“It took him awhile,” Drew said. “He didn’t come in as a finished product. He came in as somebody that needed to get better and had potential. People are going to go to practice. People are going to do what’s required of them. It’s those people that do two or three times more that get better and reach their potential.

“That’s what he did.”

Gillespie sat out the 2017-18 season as a redshirt, but continued to work on his game. By the start of last season, Baylor began to believe that Gillespie, now on scholarship, might be able to contribute.

“In the second year, just seeing how far he progressed and seeing what he was able to do on the defensive end and rebounding, and to see how far his touch had come, you’re like, he’s got a chance,” Drew said. “And he plays so hard. You definitely have to see something in practice before you put people in a game, so as a coach, though, you’re never 100 percent convinced until you see him do it in a game.”

Initially, it didn’t translate into the game.

Gillespie played 18 minutes in Baylor’s opener against Texas Southern and then 22 the next game against Southern, but then saw his minutes diminish for the next three games before he didn’t even play in eight of the Bears’ next nine games. The only reprieve was 4 minutes in a 40-point blowout against New Orleans in late December.

“He didn’t have the confidence in himself,” Okeke said. “He felt like he was a D3 player.”

Gillespie, though, got a second chance in Big 12 play. He saw 13 minutes against Kansas in the conference opener. A week later, he played 20 minutes against Texas Tech. He had eight points and seven rebounds against Oklahoma to end January. He followed that with 11 points, seven rebounds and three blocks against TCU.

“He finally got his opportunity to show what he’d been working on every day,” Okeke said. “He probably has the best work ethic on our team. It ended up being shown to light when he started getting his time, the minutes he deserved.”

By Feb. 9, Gillespie was in the Bears’ starting lineup.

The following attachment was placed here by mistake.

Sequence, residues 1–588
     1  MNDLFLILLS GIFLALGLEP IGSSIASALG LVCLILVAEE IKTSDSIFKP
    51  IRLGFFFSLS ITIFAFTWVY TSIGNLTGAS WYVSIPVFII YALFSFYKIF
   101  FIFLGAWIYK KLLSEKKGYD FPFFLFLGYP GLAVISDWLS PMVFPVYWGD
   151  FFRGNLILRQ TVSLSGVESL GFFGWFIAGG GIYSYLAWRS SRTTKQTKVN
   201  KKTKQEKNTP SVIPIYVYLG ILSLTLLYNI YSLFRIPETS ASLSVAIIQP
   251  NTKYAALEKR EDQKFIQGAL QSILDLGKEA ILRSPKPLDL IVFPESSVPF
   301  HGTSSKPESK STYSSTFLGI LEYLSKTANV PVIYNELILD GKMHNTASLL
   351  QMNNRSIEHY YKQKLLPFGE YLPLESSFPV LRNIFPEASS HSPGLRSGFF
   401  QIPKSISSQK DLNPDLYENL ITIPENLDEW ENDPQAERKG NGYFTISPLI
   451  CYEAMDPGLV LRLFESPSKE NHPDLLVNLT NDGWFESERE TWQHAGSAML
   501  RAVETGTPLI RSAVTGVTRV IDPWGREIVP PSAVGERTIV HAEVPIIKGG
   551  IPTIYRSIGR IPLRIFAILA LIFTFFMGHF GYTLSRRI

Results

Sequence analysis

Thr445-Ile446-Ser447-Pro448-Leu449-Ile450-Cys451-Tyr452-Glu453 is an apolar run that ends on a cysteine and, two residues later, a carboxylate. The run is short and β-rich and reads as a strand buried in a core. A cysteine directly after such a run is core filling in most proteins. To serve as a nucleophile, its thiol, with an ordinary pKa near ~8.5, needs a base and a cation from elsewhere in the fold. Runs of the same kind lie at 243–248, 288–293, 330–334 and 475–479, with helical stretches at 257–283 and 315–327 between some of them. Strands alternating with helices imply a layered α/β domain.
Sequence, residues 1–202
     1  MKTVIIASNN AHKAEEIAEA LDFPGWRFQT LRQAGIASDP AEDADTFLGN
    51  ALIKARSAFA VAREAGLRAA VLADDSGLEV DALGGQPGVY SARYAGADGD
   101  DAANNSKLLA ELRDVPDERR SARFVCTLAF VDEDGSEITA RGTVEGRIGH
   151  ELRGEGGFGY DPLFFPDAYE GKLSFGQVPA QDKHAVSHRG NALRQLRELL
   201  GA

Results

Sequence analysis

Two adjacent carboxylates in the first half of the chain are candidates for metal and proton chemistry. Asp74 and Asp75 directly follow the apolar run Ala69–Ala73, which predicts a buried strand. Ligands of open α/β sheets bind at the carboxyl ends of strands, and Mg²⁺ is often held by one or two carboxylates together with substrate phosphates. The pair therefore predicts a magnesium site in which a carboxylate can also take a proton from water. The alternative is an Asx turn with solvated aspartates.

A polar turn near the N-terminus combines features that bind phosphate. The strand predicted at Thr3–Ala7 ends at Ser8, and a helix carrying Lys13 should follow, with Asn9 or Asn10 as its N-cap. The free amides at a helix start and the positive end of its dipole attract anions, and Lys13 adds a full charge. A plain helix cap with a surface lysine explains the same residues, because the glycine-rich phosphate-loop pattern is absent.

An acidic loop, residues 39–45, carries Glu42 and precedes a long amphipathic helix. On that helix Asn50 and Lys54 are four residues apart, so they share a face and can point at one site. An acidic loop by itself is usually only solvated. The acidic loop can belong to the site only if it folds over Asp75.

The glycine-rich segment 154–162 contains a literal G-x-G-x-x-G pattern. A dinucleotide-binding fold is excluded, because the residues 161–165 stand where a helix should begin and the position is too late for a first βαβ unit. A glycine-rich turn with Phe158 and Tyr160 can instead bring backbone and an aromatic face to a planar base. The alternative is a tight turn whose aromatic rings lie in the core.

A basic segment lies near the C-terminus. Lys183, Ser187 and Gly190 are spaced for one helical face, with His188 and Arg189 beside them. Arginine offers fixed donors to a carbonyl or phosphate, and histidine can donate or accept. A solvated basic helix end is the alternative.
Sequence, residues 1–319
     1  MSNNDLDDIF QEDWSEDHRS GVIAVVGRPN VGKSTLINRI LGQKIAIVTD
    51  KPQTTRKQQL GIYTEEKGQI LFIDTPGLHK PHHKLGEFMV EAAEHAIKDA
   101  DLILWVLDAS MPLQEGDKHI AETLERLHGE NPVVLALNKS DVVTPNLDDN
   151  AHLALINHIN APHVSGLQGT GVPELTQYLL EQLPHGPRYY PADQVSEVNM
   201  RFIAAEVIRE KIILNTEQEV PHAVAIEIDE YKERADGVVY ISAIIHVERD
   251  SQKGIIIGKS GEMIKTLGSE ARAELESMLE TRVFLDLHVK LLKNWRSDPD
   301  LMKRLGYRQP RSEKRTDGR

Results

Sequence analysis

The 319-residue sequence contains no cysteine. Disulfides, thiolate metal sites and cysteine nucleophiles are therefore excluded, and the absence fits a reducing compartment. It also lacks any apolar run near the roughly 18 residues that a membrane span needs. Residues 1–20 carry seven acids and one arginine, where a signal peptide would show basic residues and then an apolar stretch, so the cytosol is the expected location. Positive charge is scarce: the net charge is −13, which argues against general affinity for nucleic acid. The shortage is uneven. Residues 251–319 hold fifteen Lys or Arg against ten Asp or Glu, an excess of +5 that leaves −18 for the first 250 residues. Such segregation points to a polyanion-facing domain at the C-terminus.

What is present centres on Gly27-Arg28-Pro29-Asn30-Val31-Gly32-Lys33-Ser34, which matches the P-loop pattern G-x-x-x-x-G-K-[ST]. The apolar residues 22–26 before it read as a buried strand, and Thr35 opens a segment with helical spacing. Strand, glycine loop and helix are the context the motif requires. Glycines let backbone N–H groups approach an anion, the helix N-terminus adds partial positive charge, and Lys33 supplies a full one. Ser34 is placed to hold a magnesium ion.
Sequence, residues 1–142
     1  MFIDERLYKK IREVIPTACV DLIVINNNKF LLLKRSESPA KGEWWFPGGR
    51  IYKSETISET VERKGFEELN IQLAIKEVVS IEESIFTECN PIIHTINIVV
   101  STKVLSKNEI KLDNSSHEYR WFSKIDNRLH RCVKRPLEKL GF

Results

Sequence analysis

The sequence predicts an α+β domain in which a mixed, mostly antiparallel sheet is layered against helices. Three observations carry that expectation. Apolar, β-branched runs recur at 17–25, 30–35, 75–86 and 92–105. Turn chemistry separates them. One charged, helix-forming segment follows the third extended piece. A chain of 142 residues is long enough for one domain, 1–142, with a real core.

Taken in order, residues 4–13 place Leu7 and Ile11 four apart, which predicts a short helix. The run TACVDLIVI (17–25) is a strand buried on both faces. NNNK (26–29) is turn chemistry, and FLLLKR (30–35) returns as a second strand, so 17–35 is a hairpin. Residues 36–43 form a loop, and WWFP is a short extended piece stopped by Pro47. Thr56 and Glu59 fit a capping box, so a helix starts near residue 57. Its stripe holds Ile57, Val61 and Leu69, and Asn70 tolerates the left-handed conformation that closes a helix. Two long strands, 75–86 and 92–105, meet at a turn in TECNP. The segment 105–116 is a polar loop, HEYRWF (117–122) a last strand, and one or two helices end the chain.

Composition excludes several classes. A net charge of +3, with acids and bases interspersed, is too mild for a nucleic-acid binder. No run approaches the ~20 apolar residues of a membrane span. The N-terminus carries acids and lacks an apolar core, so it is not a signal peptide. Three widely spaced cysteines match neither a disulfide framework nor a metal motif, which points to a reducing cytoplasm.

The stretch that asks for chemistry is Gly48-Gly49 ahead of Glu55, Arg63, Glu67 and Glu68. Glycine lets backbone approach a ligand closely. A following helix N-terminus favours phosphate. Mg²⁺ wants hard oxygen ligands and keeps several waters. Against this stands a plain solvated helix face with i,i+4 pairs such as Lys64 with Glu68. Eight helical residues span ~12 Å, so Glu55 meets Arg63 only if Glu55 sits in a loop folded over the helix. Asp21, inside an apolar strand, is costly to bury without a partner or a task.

“He’s somebody that showed he’d made strides, was successful in practice,” Drew said, “and in the game, to his credit, he didn’t flinch. He got better and better with the minutes he got. That’s why  he got more minutes.”

Gillespie finished Big 12 play with the conference’s best in offensive rebounding percentage and third in 2-point shooting percentage at 64.7. In the Bears’ opener this season, he had 14 points on 6-of-7 shooting with seven rebounds, two assists and a block in 26 minutes.

He’s not only a contributor for the team picked by the league’s coaches to be Kansas’ top threat in the Big 12 this year, but a key component. 

“He lived in the gym, and ended up coming from a Division III player to someone starting in the Big 12,” Drew said. “Sometimes things turn out better than you expected, and I’ll be honest, I don’t think anybody would have seen – maybe besides him – him progressing as quickly as he did.”

Through major injuries and serious detours, Gillespie proved himself. A game he didn’t start seriously playing until high school, followed to Division III and then became convinced he could play at the highest levels. 

It became his dream. One he’s now living.

“I fell in love with it,” he said, “and I thought I started too late so I wouldn’t have a chance. 

“I had no idea I would end up being here.”

(Photo by Boyd Ivey/Icon Sportswire via Getty Images)

No. 15 Florida falls to UConn 62-59 on the road